Notable Native Monternez Rezell

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Courtesy Monternez Rezell

Monternez Rezell

By METRO REPORTER

Hip-hop artist Monternez Rezell DJs, break dances and, for the last four months, has taught hip-hop dance at the Millennium Dance Complex Chicago. A native Chicagoan, Rezell said he knew he wanted to perform since he was 4 years old.

Rezell grew up in the South Shore area of Chicago. He attended Eastern Illinois University to study physical therapy and said he loved college because he enjoys learning. While attending college, there was only a girls hip-hop team, so he helped create Eastern’s first coed hip-hop team.

Rezell said he loves working with his younger students because he admires their tenacity and the look of elation on their faces when they accomplish their goals, adding that he hopes to pass down his passion for hip-hop to ensure the culture lives on. 

The Chronicle spoke with Rezell about being a hip-hop artist in Chicago, working with Millennium Dance Complex and pursuing a career in dance.

THE CHRONICLE: How did you start dancing?

MONTERNEZ REZELL: My interest in hip-hop began after I saw my older brother do a headspin on our porch. That was the first time I had seen anyone break-dance in person, and at the time I was only 4 years old, but that was enough to spark my interest. When I was 8 or 9 years old, and MC Hammer, Michael Jackson and James Brown were on every music channel, I would run to the kitchen to practice what I saw. The combination of the movie “Breakin’,” my older brother and seeing those artists on television was enough to make me want to practice dance every day. Another influence was my mom and aunt. They sang in the church choir, so I knew performing was a part of us and something I had to be a part of.

How does Millennium Dance Complex Chicago interact with its community?

Any studio doing positive things for the community gives [students] an outlet to express themselves, especially if [they] have an instructor who is willing to share their knowledge. You want that raw talent to thrive and come to life because you are working with artists and other good people who are challenging, motivating and teaching you [to] build your foundation and dance vocabulary.

What are some of the challenges of your job?

The most difficult part is finding everyone’s way of communicating. Some people may understand a certain movement without me saying anything; some students have  to be taught step by step and some learn through repetition. I’m always trying to figure out how each of my students learn[s] and remember[s] movements.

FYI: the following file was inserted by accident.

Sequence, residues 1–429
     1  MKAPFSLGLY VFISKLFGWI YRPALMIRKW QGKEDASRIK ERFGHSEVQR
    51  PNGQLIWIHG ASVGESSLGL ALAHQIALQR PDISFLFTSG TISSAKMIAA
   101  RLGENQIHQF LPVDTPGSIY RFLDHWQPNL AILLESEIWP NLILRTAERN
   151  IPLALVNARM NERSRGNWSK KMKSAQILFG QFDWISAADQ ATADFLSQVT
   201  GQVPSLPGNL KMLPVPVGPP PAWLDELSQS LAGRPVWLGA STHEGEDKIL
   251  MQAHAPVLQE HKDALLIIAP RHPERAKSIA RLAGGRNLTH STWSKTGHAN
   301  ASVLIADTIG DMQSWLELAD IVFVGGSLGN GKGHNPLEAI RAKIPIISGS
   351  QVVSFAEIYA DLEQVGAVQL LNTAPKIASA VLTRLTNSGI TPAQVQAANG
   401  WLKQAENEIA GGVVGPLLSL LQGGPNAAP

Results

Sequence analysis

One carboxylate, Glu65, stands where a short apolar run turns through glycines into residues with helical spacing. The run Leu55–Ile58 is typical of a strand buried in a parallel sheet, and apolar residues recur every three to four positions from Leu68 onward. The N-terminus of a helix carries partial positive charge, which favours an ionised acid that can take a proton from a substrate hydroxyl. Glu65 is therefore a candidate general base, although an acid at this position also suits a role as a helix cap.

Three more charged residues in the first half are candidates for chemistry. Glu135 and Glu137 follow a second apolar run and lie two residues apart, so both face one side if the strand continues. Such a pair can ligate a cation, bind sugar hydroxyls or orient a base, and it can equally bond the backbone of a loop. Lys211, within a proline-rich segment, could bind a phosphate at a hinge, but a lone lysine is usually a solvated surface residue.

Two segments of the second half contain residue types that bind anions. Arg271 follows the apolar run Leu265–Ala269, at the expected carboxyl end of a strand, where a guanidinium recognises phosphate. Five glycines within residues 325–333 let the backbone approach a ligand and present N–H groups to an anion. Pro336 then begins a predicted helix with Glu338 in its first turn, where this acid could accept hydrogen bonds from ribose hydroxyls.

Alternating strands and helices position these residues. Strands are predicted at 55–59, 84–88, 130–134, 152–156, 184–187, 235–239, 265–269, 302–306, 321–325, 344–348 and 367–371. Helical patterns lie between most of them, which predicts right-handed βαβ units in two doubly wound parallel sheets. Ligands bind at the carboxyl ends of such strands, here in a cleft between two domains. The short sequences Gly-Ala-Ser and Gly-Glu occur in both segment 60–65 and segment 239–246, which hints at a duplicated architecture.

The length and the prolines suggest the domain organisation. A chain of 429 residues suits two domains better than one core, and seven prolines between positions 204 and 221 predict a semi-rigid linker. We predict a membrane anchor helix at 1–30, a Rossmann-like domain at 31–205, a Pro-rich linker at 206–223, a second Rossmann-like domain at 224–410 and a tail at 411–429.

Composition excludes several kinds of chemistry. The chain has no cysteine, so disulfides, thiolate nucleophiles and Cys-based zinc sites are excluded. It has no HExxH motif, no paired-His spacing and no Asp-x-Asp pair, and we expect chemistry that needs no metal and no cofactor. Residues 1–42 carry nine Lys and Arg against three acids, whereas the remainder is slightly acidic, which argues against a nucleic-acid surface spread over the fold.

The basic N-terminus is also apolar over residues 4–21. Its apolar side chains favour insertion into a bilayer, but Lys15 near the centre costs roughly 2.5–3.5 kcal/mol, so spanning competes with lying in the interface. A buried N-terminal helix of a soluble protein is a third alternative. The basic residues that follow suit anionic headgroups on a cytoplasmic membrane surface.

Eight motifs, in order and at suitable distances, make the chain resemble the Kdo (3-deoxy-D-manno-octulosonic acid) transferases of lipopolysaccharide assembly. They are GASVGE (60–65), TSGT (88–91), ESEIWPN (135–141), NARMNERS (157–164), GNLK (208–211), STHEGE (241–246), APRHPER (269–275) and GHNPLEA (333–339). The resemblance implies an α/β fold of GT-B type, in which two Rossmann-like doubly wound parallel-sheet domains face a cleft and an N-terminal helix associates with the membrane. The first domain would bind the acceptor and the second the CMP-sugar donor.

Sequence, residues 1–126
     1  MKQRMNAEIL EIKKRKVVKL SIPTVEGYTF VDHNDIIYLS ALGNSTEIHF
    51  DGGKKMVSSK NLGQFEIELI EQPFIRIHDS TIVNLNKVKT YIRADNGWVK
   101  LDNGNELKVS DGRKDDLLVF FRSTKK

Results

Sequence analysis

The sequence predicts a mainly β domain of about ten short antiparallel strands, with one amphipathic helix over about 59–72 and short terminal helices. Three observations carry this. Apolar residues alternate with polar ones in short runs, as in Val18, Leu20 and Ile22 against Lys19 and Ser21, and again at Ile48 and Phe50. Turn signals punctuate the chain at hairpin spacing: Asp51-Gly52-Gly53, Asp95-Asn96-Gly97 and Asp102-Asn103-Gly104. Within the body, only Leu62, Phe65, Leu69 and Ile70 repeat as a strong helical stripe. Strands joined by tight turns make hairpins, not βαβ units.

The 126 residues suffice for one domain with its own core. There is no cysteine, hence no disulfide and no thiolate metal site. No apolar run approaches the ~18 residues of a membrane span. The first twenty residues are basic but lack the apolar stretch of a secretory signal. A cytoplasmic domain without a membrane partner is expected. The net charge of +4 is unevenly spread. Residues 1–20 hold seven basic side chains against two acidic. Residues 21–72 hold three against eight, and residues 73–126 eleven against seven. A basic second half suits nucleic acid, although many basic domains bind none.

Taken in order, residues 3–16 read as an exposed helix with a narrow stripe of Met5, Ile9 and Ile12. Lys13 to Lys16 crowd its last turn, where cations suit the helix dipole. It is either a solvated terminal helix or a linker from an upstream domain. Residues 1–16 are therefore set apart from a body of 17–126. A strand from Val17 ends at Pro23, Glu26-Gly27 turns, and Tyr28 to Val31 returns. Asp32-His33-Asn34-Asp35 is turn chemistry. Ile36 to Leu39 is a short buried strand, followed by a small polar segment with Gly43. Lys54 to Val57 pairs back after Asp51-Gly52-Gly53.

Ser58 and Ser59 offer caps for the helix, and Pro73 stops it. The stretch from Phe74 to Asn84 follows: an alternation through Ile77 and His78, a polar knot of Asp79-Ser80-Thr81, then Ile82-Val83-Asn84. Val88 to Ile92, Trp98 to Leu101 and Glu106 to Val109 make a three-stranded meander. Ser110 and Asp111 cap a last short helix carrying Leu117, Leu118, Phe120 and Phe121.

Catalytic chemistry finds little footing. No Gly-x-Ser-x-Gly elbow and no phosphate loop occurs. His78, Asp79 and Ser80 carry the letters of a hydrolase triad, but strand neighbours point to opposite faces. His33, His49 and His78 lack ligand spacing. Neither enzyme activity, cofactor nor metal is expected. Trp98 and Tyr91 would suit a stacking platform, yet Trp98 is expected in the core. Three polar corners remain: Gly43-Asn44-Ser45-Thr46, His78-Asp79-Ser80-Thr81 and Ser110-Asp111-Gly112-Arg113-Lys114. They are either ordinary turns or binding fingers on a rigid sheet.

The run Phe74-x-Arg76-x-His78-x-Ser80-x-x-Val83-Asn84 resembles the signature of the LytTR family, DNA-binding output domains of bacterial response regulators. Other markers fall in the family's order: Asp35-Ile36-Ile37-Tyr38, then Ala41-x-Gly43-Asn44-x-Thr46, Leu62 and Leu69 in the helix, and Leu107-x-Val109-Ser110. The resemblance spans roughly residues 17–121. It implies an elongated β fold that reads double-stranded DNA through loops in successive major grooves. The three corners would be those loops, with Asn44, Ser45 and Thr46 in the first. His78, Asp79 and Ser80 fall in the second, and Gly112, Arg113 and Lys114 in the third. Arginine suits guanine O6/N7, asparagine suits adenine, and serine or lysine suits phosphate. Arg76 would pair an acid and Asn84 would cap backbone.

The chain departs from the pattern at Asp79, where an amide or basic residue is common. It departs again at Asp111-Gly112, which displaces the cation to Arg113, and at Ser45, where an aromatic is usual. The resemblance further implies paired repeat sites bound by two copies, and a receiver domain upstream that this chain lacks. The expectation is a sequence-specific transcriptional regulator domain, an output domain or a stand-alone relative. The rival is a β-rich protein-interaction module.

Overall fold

What is most rewarding about your job?

The most rewarding part is when you’re working with—I call them my babies—my students who are 6 to 8 years old and just seeing the passion they have for it and they absorb information like a sponge. The speed and rate at which they learn is amazing, and it is so rewarding working with students like that. To see how elated they are when they have a breakthrough and to see that excitement.  To see the fact that they keep trying and never give up no matter how many times they have to try-—they will not stop until they get it—that’s the best part of  be[ing] a teacher, to share your knowledge with someone else no matter what age they are and that’s the fulfillment that you get out of it. If I want to pass down knowledge I have, I’m going to teach it to someone else. That’s how culture moves on.

What advice do you have for students pursuing dance?

I work with a lot of college age students who are dance or music majors and their parents are discouraging them from being a dance major and saying that they cannot make a life out of dance, or other negative things that could kill dreams. I say you can’t listen to that. Whether you are currently a dance major or thinking about becoming [one], you have to make decisions that are going to make you happy. No matter what is going on, and no matter what anyone is saying about your career, you make your career happen. People from the outside looking in have no right to tell me I can’t make a living being a performer. Especially if all they’ve ever done is work a 9–5 their whole life, they can’t speak because they don’t have knowledge about what I’m pursuing. Everyone’s success story is different. Some people might graduate college with a dance degree and get hired to dance for the Joffrey Ballet for the rest of their life. Someone else may graduate and audition four times in a row and they don’t get the job until that fourth time. Everyone’s story is different, but no matter what your timeline is, never give up. If you believe it, you can achieve it.  Plenty of people have proven that being an artist is both rewarding and can pay the bills.